The Survival of Group I
Group I base oil has been around a long time, and its demise has been predicted for years. But recent tightness in the market shows this old category still has some life left in it.
It seems that the industry has come a long way, with Group II being deemed the “workhorse” base oil and revolutionizing the lubricant scene. The assumption has been that progress means the replacement of outdated Group l production, starting with older facilities that would require substantial reinvestment to maintain. These units are uneconomical, with lower demand and dwindling uses for their output.
This scene is set against a backdrop of investment in new Group II and Group III facilities with their own dedicated feedstock streams and technology. These processes have allowed maximized return on capital investment and the development of a new generation of finished lubricants.
Some refineries converted Group l production into Group ll, but many refinery projects were too expensive. So started the decline of Group I base oils, which seemed a natural progression. However, sectors such as marine and process oils voiced concerns that viscosity and solvency requirements made them dependent on Group l products. A switch also involved higher investment costs along with the higher prices levied on Group II and Group III base oils.
In some markets where there was ample Group l supply, such as in Europe, Group lll base oils were initially employed as a diluent, promoting the continuation of Group l production, much of which was owned and operated by state oil companies. Commercially run refineries were first to cut Group l production, only maintaining output to cover sectors that could not use Group II.
With this in mind, the question remains: Will Group l base oils survive?
In the years running up to 2020, there was reason to continue Group l production. One of those was the marine sector’s need for high-alkalinity lubricants to counter high-sulfur fuels.
The International Maritime Organization’s newest marine pollution restrictions, implemented in January, require international sea-going vessels to use fuel with max sulfur content of 0.5%. This legislation reduced demand for marine cylinder oils with high total base number, as only ships outfitted with scrubbers will now need them. A new generation of lower TBN marine lubricants has evolved, meaning that Group II base oils can be used in marine formulations—a blow to the Group I camp.
In the United States and Europe especially, rising performance demands for passenger car and heavy-duty motor oils have steadily shrunk formulary windows for those products, increasing reliance on Group II, Group III and even Group IV polyalphaolefin base stocks—continuing to crowd out Group I.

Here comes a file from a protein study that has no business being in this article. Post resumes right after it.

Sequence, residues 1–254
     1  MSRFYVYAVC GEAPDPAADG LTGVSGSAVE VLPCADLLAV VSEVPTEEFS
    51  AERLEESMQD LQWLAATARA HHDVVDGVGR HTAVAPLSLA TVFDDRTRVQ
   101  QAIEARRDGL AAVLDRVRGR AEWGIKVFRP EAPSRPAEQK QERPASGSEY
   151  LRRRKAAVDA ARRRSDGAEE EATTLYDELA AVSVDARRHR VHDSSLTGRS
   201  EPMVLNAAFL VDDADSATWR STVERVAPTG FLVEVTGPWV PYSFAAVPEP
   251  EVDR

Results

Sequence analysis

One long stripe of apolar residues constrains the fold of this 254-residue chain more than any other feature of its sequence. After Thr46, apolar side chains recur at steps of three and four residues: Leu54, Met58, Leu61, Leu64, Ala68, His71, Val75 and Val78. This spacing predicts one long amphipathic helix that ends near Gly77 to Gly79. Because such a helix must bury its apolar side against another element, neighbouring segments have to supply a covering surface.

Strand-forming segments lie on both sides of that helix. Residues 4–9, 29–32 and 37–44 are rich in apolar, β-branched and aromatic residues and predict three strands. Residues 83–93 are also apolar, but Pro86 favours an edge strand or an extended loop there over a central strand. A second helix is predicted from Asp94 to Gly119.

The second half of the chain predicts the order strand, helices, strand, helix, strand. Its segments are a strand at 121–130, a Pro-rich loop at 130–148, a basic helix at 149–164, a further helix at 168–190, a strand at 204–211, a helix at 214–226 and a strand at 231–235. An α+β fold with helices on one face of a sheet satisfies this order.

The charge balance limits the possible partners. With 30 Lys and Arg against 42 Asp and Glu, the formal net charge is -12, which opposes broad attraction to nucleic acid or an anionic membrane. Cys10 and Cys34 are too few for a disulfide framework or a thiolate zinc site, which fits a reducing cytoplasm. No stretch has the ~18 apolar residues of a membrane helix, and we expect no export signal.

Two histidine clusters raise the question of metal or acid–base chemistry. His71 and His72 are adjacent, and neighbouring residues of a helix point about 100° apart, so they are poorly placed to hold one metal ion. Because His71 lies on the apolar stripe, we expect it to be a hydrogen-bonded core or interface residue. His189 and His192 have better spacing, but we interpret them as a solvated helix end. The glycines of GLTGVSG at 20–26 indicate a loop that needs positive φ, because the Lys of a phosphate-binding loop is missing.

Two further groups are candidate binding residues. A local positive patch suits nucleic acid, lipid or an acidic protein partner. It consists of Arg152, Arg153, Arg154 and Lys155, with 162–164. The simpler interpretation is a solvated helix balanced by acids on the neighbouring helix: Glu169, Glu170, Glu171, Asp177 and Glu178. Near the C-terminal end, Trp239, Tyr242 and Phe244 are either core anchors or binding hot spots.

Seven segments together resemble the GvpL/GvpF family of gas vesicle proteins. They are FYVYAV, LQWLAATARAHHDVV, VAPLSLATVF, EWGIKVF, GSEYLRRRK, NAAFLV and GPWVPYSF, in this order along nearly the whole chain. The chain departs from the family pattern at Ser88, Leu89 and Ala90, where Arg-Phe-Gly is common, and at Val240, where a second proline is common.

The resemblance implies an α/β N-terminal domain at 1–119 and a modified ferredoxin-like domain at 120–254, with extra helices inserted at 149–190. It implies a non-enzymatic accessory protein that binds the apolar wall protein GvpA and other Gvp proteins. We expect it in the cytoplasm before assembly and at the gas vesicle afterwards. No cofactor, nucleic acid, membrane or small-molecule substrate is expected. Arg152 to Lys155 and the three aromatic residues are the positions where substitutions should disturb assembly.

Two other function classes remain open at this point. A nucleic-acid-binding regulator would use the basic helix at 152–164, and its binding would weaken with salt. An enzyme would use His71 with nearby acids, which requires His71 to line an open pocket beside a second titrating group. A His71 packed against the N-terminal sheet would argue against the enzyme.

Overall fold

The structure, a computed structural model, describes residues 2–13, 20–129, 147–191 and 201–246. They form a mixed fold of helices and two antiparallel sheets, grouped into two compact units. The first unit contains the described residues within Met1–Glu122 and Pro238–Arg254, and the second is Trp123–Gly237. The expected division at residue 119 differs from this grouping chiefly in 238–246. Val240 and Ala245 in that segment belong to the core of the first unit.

The automotive sector has a massive influence on lubricants and the base oils used in blending them. This has pressured lube producers in developed regions to abandon Group l base oils. The emergence of electric vehicles will force revision of lubricant requirements again, with Group II and Group III being used in gear oils and other transmission lubrication systems. Will this be another nail in the coffin for Group I?
In defense of Group I, one of the products resulting from its production is paraffin wax, which is a growing market with positive demand. Waxes are high margin products for refiners, and with continuing demand from a number of sources, there is pressure for producers to maintain supply.
Other sectors that favor the retention of Group I are greases, process oils, compressor oils and certain gear oils, all of which favor higher sulfur content.
Early in the pandemic in East Asia, Middle East and Europe, some blenders had difficulty accessing suitable Group I material for military and health services.
The use of Group I has also varied regionally with traditional “export” markets like those in Africa, the Middle East, India and farther east, where economic factors and logistical constraints play a part in preventing a move to higher-performance lubricants. Older vehicles on the roads and existing machinery in factories dictate that an older generation of lubricants can still be employed in these locations.
Globally, we are in the grip of possibly the worst health and wealth disaster to hit this planet. Nations are reacting to the pandemic with lockdowns, curtailment of industry and the movement of people. The situation has created a tranche of unknowns, which has blown forecasts for return on investment in capital projects and delayed or cancelled investment in many industries.
With this uncertain future, producers of all types of base oils have trimmed production levels to accommodate reduced demand, and it will take time to return to pre-pandemic levels. Group I producers have probably cut back output the most. Even before the pandemic, demand for Group I base oils had decreased, prices were under pressure and numbers in some regions fell below breakeven.
This has changed in recent weeks, with reports of shortages of Group I grades including solvent neutral 500. Early in the pandemic in East Asia, Middle East and Europe, some blenders had difficulty accessing suitable Group l material for military and health services. This situation is continually evolving, with buyers struggling to obtain supplies and prices rising. Nonetheless, it is increasing incentive for refiners to turn on the taps again.
Looks like Group l may be here to stay.
Ray Masson is director of Pumacrown Ltd., a trader and broker of petroleum products in London, U.K. Send him comments or topic suggestions at email@example.com.